During the dry season that runs between May and September, the National Service of Natural Areas Protected by the State (SERNAP) installed 60 cameras in Manú National Park to capture images of the various species inhabiting the area. The 20,000 images registered were then evaluated and centered into a large database in order to compare global populations of terrestrial vertebrates.
Manú National Park can now claim title of having the highest biodiversity rate in the world. This is added to the park’s achievement of claiming the greatest amphibian and reptile diversity back in January 2014.
TEAM-Network, responsible for installing the aforementioned cameras, had similarly studied areas in Africa, Asia, and elsewhere in Latin American.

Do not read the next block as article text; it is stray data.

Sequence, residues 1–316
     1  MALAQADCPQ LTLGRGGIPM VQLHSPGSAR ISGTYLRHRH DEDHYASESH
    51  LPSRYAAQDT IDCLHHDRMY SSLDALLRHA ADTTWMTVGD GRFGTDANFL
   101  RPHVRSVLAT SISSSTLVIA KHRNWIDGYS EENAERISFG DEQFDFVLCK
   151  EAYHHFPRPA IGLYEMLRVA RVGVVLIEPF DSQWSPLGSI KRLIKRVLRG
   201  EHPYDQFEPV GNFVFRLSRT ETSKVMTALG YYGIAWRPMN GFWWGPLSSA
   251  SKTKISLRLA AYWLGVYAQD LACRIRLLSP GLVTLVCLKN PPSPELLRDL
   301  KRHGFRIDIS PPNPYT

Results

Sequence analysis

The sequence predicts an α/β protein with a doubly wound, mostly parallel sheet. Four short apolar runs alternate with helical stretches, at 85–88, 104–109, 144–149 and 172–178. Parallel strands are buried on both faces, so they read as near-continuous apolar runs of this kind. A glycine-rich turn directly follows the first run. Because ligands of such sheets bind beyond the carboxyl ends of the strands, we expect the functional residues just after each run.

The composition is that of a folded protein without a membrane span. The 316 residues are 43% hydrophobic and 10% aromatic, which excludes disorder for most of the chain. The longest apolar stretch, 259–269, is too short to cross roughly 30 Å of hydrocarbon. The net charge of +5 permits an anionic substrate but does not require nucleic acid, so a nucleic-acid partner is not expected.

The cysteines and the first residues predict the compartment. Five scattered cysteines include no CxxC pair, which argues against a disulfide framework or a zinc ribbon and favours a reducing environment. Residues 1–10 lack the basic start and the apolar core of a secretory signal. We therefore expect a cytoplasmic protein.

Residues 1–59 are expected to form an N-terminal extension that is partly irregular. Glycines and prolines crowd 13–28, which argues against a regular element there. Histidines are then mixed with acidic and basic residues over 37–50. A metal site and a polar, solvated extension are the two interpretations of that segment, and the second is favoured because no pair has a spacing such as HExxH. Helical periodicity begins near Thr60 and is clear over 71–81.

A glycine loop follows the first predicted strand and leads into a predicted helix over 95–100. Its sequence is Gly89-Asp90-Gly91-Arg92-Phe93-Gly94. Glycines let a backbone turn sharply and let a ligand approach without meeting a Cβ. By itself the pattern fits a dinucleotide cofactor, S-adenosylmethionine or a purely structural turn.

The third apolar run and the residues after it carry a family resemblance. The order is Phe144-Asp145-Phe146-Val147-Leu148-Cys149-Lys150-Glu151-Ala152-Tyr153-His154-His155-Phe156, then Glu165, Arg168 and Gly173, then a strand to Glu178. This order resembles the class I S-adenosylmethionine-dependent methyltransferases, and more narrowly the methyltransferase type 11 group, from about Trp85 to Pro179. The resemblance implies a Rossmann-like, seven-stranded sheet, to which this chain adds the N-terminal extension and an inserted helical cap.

According to the organization’s rating scale, the biodiversity of Manú has a value of 1.64, as compared to Latin America’s 1.10, and an overall global index of 1.06.
Although Manú National Park covers an area from Madre de Dios to Cusco, the cameras were placed solely in the Pakitza sector and the Biological Station of Cocha Cashu.
Cameras were used to capture thousands of images of species living in the biosphere.